The growth reverses the trend between 2009 and 2014, when the average number of applications per program decreased by 44% and the average number of enrollments fell by 8%, the Association of MBAs (AMBA) said in its 2017 application and enrollment report.
The research is based on program data from 2016, supplied by 223 AMBA-accredited business schools between April and June 2017. In total, 116,092 applications and 40,121 enrollments were analyzed. This makes this study an analysis of the largest number of applications and enrollments recorded since 2011.
This recent increase has occurred against the background of a variance of both growth and contraction in applications and enrollments since 2011. Business schools in Eastern Europe (+77%), Africa (+48%), North America (+25%) and Western Europe (+13%) have seen increased average applications, while there have been small decreases in Oceania (-17%) and the UK (-16%).
Looking at average enrollments, there has been growth in Africa (+56%), Eastern Europe (+56%) and Oceania (+15%), but falls in Western Europe (-19%) and the UK (-8%).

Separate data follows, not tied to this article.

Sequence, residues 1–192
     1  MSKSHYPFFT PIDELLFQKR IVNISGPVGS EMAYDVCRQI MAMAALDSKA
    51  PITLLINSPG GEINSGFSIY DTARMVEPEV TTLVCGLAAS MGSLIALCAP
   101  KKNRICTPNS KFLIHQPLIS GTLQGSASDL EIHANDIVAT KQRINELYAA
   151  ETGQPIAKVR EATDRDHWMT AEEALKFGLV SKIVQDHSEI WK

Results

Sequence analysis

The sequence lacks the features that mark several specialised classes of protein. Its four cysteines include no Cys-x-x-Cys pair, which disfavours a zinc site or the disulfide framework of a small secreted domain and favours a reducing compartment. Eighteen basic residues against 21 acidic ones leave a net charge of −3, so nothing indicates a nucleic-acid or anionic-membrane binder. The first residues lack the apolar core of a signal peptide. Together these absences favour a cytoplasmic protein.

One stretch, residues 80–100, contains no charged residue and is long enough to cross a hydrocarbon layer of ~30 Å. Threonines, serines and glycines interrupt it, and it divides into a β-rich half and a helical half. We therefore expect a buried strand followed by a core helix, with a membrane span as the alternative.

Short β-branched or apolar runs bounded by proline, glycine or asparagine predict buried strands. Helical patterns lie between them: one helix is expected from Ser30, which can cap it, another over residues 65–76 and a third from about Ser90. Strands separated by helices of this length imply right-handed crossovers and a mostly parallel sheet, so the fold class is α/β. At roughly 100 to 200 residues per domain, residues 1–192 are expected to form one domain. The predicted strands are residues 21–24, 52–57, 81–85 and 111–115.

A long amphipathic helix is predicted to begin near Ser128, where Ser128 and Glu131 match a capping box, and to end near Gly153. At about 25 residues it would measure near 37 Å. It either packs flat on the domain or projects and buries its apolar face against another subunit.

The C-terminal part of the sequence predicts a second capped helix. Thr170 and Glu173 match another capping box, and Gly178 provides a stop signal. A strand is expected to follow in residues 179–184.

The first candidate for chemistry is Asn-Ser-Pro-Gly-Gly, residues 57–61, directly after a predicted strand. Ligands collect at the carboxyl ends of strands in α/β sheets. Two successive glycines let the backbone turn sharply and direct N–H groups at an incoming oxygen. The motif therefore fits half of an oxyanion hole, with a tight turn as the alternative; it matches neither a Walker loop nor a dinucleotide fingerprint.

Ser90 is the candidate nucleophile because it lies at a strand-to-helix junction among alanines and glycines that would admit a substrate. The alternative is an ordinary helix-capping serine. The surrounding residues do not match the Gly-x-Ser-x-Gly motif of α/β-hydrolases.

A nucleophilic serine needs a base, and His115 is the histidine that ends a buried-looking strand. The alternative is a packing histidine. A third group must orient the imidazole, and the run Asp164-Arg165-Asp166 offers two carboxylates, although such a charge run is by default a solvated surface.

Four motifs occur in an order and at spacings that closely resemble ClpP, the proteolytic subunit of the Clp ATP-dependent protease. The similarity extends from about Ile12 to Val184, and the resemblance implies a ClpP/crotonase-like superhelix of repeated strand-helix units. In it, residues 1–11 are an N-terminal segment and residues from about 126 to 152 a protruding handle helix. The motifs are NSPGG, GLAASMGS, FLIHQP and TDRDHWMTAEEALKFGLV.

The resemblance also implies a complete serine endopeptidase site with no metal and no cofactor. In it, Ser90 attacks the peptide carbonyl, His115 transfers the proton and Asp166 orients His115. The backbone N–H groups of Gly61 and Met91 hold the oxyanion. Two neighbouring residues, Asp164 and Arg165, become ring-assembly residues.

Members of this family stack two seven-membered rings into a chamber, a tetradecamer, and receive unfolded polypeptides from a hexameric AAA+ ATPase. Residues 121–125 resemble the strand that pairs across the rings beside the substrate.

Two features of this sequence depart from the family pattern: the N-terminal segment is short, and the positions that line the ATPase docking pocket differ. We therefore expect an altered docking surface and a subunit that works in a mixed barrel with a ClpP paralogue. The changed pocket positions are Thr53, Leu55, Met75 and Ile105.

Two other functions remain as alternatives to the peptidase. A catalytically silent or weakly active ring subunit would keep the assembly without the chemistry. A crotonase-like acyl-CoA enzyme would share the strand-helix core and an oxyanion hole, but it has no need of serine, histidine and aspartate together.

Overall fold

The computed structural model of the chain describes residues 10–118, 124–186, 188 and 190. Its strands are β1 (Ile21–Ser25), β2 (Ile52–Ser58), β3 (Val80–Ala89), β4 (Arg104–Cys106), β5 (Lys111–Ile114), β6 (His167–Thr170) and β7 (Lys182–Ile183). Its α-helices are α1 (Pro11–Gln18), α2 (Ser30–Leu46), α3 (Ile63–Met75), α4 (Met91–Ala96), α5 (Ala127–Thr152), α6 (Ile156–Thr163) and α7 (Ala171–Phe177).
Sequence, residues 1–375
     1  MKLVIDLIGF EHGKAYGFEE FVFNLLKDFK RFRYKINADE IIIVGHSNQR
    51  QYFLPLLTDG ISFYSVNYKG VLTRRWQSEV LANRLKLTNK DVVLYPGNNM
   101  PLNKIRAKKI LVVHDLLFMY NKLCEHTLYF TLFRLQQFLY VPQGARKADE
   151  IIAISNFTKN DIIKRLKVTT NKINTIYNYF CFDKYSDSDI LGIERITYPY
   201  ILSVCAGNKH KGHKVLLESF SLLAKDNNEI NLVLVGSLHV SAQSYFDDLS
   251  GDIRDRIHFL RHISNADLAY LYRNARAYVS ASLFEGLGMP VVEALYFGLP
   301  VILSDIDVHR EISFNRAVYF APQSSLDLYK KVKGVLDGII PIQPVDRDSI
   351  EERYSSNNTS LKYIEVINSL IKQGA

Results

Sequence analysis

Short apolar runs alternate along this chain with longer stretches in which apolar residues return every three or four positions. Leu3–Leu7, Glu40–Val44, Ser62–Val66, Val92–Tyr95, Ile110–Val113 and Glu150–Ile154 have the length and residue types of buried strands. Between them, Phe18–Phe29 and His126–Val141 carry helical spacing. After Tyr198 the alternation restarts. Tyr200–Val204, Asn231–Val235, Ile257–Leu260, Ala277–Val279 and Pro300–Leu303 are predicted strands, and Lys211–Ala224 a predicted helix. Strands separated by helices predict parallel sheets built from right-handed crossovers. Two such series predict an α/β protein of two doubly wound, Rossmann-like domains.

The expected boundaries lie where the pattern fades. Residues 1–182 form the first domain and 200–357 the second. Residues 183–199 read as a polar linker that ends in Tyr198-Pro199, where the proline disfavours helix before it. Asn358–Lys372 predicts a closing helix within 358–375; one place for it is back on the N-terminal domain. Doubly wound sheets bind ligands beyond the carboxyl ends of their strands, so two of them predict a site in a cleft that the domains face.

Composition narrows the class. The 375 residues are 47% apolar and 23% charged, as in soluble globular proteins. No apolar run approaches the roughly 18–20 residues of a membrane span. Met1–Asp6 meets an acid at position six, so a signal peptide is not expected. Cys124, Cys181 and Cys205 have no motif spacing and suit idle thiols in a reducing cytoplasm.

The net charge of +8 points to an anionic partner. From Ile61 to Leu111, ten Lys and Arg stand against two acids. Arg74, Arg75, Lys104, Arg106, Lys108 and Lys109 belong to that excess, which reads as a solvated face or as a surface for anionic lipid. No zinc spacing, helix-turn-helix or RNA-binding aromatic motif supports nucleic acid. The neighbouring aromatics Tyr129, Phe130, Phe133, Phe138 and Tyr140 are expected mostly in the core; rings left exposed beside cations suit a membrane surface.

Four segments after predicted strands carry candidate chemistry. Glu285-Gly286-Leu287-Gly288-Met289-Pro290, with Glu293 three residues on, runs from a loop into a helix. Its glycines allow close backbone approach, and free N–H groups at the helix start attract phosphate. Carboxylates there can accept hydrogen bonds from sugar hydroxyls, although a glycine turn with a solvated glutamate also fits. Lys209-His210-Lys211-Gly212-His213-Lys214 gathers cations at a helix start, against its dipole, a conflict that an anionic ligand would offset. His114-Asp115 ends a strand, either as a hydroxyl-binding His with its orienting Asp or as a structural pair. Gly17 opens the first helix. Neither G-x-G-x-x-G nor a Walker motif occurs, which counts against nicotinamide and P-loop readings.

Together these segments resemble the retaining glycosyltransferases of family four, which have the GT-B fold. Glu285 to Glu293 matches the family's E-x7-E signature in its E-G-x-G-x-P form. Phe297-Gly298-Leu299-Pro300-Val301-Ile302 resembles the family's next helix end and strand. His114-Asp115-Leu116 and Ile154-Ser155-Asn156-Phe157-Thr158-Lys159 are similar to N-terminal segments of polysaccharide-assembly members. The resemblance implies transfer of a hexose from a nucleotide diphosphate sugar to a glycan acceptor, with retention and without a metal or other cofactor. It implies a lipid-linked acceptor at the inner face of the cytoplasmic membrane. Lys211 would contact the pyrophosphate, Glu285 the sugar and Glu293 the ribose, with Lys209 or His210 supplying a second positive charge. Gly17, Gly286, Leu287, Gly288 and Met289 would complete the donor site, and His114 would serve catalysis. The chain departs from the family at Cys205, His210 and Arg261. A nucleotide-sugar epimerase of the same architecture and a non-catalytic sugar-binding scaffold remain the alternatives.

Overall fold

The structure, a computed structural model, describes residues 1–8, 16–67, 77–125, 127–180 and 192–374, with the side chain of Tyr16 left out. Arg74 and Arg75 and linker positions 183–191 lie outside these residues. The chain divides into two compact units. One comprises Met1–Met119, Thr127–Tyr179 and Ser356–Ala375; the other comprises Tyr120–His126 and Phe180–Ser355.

Part-time format still most preferred
The proportion of students choosing part-time, full-time, and modular modes of study has remained largely unchanged since AMBA began recording these figures. Part-time programs accounted for the greatest share of program delivery (57%), followed by full-time (26%) and modular (17%) programs.
The findings indicate that the method of AMBA accredited programs varies substantially between regions. For example, in Asia and the Middle East, modular programs made up 47% of all programs delivered in the region, but in India they made up only 1% of programs. Furthermore, full-time programs constitute 48% of programs in the UK, but just 6% in Africa.
Proportion of women applicants grows
The proportion of women applying and enrolling on AMBA-accredited programs has increased in recent years. The proportion of applications from women (a four percentage point increase since 2013) has risen a little faster than the proportion of those who are enrolled (an increase of three percentage points since 2013). However, the conversion rate of women has typically been in line with men for each year. The report reads:
This suggests that women appear to have an increased propensity to apply for AMBA-accredited programs.
While the proportion of international applications and enrollments has fluctuated, the proportion of international enrollments has remained lower than the proportion of applications. This may be due to a number of factors, such as the quality of applications, but nevertheless this difference illustrates a challenge for business schools to encourage appropriate international applications.